František Souček, Petr Střižek, violins; Petr Holman, viola; Vladimir Fortin, cello; playing Beethoven, Quartet Op18 No 1 in F (1899); Janáček, ‘Mladi’ Suite for Wind Sextet (1924) arranged by Kryštof Mařatka (2015); Schumann, Quartet Op41 No 3 (1842).
Welcome, the excitement of a Slavic string quartet! It’s exactly two years since the last one at the Coffee Concerts – then the Bennewitz Quartet, fellow Czechs of the Zemlinsky Quartet who today flew into the English cold from Prague, but not to warm us with cocoa and smooth, soft blankets.
The comparative shock of early-December snow in southern England was echoed in the sudden rawer wind, more bracing air, and shards of ice in the Zemlinskys’ sound and performing personality. And instead of an inclination to rush from the chill into cosiness, the audience wrapped tighter their scarves and held out their gloved hands for Beethoven, Robert Schumann and a 43-year-old Czech’s convincing recasting of Janáček wind music in warmer string clothing.
Since the December 2015 of the Bennewitz, the Coffee Concert strings diet has been the polish, refinement and inner probing of London-based north European quartets – the Elias, Heath and Castalian. Co-incidentally, exactly 12 months before the Bennewitz came the Poles of the Apollon Musagete. Is it something about December? Is it to set us up for winter? Is it part if the annual fuel allowance? Are we having our annual jab?
Not that Slav musicians lack polish, refinement or enlightening investigation. But something common to them seems to be a contrary aversion as performers to hiding individually behind their sound or sublimating themselves to the collective whole. No sooner were the Zemlinskys onstage than violist Petr Holman was saying an almost cheery ‘Hello’ to the audienc, paying tribute to the series in its venue, and saying how they had been looking forward to playing in it.
I have this suspicion that Central European string players have proportionately spent more of their younger days and formative years playing on street corners, at local dances and in watering hostelries. I sense the edge, attack and spontaneity needed in those environments stays in their fiddle and cello cases afterwards and comes out next time with the instruments. There seems something different in their blood, and it’s not instinctive restraint.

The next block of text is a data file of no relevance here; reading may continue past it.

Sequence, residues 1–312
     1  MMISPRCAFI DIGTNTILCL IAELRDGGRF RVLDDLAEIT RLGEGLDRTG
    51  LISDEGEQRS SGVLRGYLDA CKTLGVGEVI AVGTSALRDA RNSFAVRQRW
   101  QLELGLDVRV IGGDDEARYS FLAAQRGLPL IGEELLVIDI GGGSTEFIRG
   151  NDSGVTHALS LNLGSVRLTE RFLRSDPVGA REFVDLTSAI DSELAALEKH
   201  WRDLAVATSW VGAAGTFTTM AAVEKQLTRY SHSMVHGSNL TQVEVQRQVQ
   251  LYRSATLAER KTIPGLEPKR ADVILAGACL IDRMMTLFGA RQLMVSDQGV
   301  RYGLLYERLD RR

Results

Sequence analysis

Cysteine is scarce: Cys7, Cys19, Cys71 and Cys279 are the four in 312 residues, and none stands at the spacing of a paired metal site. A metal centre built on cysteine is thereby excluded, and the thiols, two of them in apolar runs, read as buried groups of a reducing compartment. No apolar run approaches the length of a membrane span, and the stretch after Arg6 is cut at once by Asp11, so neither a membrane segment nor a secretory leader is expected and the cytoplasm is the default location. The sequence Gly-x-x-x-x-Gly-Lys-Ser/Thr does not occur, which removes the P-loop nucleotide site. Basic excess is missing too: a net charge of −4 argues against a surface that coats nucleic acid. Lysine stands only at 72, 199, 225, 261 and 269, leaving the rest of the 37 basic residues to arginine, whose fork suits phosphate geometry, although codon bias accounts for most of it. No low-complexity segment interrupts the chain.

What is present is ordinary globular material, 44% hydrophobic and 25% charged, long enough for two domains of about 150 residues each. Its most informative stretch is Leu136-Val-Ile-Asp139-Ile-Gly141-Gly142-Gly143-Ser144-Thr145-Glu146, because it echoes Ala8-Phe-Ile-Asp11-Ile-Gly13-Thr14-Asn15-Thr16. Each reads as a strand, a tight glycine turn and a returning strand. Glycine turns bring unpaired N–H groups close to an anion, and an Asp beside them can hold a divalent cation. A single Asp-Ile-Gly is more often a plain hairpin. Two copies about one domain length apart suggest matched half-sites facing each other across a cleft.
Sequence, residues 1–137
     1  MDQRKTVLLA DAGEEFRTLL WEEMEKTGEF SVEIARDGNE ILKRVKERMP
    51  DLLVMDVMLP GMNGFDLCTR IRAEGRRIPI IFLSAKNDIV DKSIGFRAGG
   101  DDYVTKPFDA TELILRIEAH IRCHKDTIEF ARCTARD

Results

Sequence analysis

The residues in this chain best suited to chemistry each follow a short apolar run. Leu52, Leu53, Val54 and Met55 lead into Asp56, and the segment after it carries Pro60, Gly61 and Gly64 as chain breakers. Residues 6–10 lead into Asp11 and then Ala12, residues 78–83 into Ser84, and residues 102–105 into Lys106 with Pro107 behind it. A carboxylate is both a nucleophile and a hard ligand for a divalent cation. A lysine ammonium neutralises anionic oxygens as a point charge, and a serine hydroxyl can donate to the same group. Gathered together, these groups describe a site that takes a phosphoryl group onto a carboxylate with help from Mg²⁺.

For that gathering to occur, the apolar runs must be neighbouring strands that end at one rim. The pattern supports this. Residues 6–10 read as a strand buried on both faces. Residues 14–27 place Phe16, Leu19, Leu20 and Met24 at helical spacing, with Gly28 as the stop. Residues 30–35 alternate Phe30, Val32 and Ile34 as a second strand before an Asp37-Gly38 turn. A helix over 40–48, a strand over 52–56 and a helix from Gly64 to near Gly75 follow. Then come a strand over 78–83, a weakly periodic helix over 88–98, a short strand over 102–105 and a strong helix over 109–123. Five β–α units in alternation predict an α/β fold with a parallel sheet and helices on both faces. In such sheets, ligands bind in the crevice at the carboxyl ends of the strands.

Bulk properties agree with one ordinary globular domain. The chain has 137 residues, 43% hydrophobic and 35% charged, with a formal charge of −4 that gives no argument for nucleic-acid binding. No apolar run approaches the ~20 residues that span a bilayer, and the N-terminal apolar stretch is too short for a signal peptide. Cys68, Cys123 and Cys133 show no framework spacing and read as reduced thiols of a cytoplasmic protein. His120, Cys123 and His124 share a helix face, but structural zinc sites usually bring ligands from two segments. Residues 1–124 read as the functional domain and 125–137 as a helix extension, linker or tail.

Blond second violinist Petr Střižek felt no compulsion to sit still. Legs changing position, feet likewise, bouncing on his seat, almost rising to half-stand at some moments, extra flourishes of the bow after key short notes. All physical animations were a musical response but he was also concerned in driving and binding together he, viola and cello when they were in accompanying roles behind the first violin.
The broadly built Holman sat on our right-hand end - more often cello territory and the way the Elias, Heath and Castalians line up. He similarly flourished his bow but at key moments in the music for his viola, a darker and more subdued instrument, he turned it towards the audience to improve its audible prominence. Both men’s actions communicated something important was happening and drew the audience into not only their own artistry but that of the group. We became intrigued by the comparative behaviour of the other two members.
Holman’s viola and František Souček’s immersively concentrated first violin (on our extreme left) therefore conversed for us in stereo and the binding, bedrock sound of the cello, this time facing the audience instead of being side-on, spoke more openly and operated more centrally and integrally in the instrumental layout. Holman confirmed to me afterwards their layout was deliberate and is the quartet’s own non-dogmatic personal choice.
Beethoven was the first beneficiary if the Zemlinskys’ abiding verve, rigour and urgency. The Zemlinskys were awaking us with the composer’s first quartet and showed me, for one, that its high-quality content made this composer’s debut work in the genre no less auspicious or portentous than his first symphony, written only a year later. And signified Beethoven’s immediate mastery of two quite different worlds, the quartet intimately and confidingly demanding; the symphony externally and outwardly so.
The Zemlinskys’ energy champed at the bit in the Janáček ‘Youth’ Suite, in an all-Czech show where Kryštof Mařatka’s skill enabled the quartet restlessly to adopt and create their own textures of the golden youthful spirit and attitude, its ardour, tension and the sometimes crazed fury and urgency that sits so vividly in the wind sextet version.
Finally came Robert Schumann, the romantic on the morning’s programme, and here the Zemlinskys were ready to mark up the edginess and agitation in the score which other quartets might be less instinctively accentuate. Schumann’s was a disturbed mind and a deeply-wrought heart liberated by music. As with Smetana and Janáček, Slavic quartets are familiar with patients with awkward problems. They help us understand.
Zemlinsky Quartet: it’s another group name chosen in honour of an interesting and rewarding composer, not Czech but Austrian, admired by Brahms, and one I have heard and know I should investigate. Thanks for the prompt, gentlemen!
A complete change for the next Coffee Concert on Sunday 28 January (same time and venue): Bassoonist Any Harman returns with Adam Walker (flute) and James Baillieu (piano) to play trios by Frank Martin, Fanny Mendelssohn (Felix’s sister), Donizetti (in F) and Beethoven (in G, WoO 37), plus the Sarabande and Cortège for bassoon and piano by Henri Dutilleux, whose string quartet the Castalians performed in November. More insights into the bassoon’s expressivity.